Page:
19. 3 points
    I was wondering if anyone can help ID these. I had help with an ID here a couple of years ago and transffered some spores of what I think was a positive p.sub ID, to my new place. I have cultivated a nice little patch in garden mulch which I had fed with cardboard and eucy mulch over the past few years. the mycelum patch now is a solid 2m long by about 1m wide. With a nice little misting system that gives them a regular spray. I am in the ACT and they just started flushing in the last week. I have watch the entheogenesis ID vids, but I just want to make sure. Any answers are greatly appreciated.
  20. 3 points
    While the Sceletium has been showing continued promise for modulating mood and other dimensions, I've been experiencing significant and quite debilitating catatonic features for a long time and poor sleep quality but was personally hesitant to initiate the conventional lorazepam benzodiazepine therapy for catatonia due to the addictive nature of BZDs and past issues with addiction. Decided to try higher dose baicalin extract and akin to the rapid resolution of catatonia seen with a lorazepam-challenge, there was robust rapid acute resolution of the catatonic features, agitation and somewhat improved sleep quality. Just able to feel slightly chill for once. Very early days but it seems to be quite useful and also stabilising for one's mental state. The improvement of catatonic features was noted on second dose etc but as the features have been ingrained quite heavily, there's occasional return of posturing etc Subjective downsides: - waking up in the morning is harder, significant cognitive clouding etc (anything even slightly sedative does this to me) - reduced CNS arousal negatively impacts mental state The baicalin also shows diverse additional features over lorazepam that intrigue me and are relevant to my situation. Found about 1/2 tsp of 85% baicalin was sufficient S. baicalensis and it's primary active constituent baicalin has diverse pharmacological properties. In particular, baicalin seems to have promising CNS activity [1]. Antidepressant- and anxiolytic-like properties (the latter mediated through the activation of benzodiazepine binding site of GABAA receptors) Inhibits prolyl oligopeptidase dose-dependently, having potential benefits for schizophrenia, bipolar affective disorder, and related neuropsychiatric diseases [2]. Can potentially be used to treat dopaminergic dysfunction-associated CNS diseases (incl. neurodegenerative and ADHD). It's able to protect dopaminergic neurons and modulate brain dopamine levels, thus serving as a potentially effective novel treatment for ADHD [3]. In schizophrenia, addition of baicalin (1.5g/day) to atypical antipsychotics led to greater improvements in both primary and secondary negative symptoms than those treated with antipsychotics alone - seems to have efficacy for predominant negative symptoms and in improving cognitive function [4]. Able to facilitate remyelination in various models of CNS disorders and suppress neuroinflammation [5] Baicalin can: - pass through the blood–brain barrier - stimulate neurogenesis - promote neural differentiation and inhibit neuronal apoptosis - inhibit neuroinflammation and oxidative stress - promote CNS myelin repair Shown to be relatively nontoxic when given orally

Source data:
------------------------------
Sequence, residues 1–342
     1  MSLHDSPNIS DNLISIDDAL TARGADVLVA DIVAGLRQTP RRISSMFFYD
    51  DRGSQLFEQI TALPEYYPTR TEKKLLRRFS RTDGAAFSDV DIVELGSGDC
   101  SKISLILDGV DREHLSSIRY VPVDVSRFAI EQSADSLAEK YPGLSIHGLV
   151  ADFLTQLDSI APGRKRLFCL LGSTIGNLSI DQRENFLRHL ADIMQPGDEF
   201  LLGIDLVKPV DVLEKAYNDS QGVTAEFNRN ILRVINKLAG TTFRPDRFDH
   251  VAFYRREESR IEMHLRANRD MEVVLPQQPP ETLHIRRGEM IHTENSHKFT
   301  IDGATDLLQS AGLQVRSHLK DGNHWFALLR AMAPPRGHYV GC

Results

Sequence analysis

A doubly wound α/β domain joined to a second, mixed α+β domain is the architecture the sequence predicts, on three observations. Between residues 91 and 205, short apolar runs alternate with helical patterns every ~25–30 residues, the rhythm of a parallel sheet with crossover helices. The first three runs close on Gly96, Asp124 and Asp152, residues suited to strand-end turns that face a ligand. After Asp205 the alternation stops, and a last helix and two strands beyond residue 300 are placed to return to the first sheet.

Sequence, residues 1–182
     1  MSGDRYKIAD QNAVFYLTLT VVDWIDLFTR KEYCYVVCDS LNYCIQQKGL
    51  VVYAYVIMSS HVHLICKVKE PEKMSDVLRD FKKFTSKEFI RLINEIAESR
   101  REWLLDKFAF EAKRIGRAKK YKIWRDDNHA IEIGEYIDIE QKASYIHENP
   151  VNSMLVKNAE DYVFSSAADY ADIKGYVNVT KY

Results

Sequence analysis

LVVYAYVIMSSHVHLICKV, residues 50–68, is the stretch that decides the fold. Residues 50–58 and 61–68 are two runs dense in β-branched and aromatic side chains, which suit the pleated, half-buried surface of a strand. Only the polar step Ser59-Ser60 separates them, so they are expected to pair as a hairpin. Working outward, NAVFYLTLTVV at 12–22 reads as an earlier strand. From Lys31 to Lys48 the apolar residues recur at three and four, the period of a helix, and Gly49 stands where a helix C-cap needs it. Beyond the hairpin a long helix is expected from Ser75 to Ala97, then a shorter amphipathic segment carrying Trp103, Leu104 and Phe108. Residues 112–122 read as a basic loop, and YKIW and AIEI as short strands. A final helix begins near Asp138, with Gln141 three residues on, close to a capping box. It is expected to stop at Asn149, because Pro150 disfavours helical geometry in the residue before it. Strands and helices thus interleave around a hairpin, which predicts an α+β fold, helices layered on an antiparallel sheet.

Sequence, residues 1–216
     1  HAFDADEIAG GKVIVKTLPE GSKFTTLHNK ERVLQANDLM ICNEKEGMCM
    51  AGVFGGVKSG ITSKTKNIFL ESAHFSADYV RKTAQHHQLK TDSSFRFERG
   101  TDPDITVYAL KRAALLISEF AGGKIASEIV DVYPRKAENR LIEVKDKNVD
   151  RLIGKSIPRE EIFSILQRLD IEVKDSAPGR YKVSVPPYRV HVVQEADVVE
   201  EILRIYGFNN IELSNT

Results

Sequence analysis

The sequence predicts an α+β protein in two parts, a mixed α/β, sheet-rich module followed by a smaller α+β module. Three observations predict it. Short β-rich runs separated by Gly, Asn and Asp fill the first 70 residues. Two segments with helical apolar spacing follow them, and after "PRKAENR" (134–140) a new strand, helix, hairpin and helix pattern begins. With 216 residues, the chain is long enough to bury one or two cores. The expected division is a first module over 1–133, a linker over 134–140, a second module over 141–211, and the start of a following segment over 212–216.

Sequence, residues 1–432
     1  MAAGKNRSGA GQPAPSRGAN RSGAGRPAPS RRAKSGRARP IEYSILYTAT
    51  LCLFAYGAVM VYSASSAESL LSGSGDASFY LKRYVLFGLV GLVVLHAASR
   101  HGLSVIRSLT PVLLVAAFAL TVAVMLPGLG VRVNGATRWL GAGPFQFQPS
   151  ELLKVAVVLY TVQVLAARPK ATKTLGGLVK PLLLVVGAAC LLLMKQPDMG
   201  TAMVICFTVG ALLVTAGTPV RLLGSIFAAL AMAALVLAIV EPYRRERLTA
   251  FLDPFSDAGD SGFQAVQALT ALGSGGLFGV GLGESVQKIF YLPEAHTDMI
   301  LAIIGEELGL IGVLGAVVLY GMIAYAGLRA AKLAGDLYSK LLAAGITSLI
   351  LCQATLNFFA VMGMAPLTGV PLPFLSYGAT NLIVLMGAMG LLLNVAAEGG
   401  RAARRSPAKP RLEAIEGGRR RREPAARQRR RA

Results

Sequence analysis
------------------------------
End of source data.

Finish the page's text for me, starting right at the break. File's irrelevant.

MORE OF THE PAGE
21. 3 points
  22. 3 points
    This doesn't make sense to me: "The reason why people are out “spreading this mycelium around is because we all feel the corporate thing coming and we don't like it,” he adds. Steve claims to have single-handedly created hundreds of magic mushroom patches in the US: “This is a way that I can make the experience more available. But there are a lot of people doing bigger and more elaborate things.” not defending 'the corporate thing' by any means, but I don't think commercial interests in magic mush will make it any harder to go out picking than it already isn't
  23. 3 points
  24. 3 points
  25. 2 points
    From about the 50-minute mark, investigative report into TGA approval process, discussion of who benefits, etc. https://www.abc.net.au/radionational/programs/sundayextra/sunday-extra/102057916